After-Tax Profits = (Investment minus Depreciation) + Government Deficits +
(Consumer spending minus wages) + Net exports.

Basically, profits at the macro level occur when business incurs a revenue without a cost. For example, as we know, deficits put money into the private sector's hands. If this money is spent, it becomes a corporate revenue with no increase in corporate costs (at the macro level), hence a profit (business savings). If the money is saved instead, it becomes private savings directly. As we know, deficit = net private savings which therefore has two components - direct private savings and corporate profits (which are business savings).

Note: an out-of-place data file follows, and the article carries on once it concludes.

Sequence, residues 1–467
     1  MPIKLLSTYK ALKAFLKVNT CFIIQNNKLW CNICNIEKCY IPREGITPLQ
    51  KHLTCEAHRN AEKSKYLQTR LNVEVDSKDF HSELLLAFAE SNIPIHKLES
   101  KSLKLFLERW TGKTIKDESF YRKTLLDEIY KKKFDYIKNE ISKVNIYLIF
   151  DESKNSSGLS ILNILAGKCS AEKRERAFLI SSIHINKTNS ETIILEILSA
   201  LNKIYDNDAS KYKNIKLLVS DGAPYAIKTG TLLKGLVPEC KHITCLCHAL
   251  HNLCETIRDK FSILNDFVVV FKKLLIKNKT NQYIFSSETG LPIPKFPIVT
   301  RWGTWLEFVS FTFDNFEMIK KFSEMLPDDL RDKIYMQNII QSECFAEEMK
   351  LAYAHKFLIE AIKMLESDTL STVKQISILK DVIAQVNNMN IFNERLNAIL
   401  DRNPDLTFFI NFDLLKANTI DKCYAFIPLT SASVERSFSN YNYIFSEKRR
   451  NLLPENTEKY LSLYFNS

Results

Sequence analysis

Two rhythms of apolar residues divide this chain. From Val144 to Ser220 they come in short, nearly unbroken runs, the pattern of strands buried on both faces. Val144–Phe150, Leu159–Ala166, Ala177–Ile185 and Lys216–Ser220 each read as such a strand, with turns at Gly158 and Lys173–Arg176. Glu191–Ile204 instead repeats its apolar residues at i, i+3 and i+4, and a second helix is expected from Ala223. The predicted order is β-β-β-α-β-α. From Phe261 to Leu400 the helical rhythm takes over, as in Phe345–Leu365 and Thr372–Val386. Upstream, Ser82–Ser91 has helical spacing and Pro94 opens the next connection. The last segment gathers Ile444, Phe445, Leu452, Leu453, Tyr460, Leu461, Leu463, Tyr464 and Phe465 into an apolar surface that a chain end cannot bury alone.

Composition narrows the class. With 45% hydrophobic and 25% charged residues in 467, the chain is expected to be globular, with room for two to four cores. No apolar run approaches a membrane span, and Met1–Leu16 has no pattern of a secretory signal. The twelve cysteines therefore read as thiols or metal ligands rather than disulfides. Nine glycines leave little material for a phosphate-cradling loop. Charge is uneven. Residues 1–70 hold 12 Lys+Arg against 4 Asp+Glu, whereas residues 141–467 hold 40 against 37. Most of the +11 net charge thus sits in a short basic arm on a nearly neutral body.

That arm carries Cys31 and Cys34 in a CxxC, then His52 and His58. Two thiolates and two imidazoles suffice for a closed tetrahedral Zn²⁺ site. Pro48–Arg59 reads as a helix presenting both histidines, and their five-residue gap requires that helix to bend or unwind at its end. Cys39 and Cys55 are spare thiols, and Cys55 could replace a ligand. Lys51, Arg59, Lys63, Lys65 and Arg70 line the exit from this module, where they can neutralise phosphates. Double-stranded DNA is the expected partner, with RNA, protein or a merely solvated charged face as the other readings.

FYI The Levy Institute has free papers available on "The Profit Perspective" which go into more detail. If you Google "Montier what goes up must go down", you will get a nice 60 year graph of the components of profits.

My only point was that wages impact profits in two ways: Wages, as a cost, are a subtraction to profits. However, if they are all spent, they are an addition to profits (because of the revenues generated). Consequently, if wages are lowered and worker spending is lowered commensurately as a result , profits do not increase.

The surprising finding from all this is that corporations don't have much control over profits in the aggregate. They fight for their piece of the pie but the pie is often largely exogenous. For example, the strong profits of 2010-2011, despite the slow economy, were primarily a consequence of high government deficits.

Hope helpful. Comments, criticism welcome.

Hope helpful.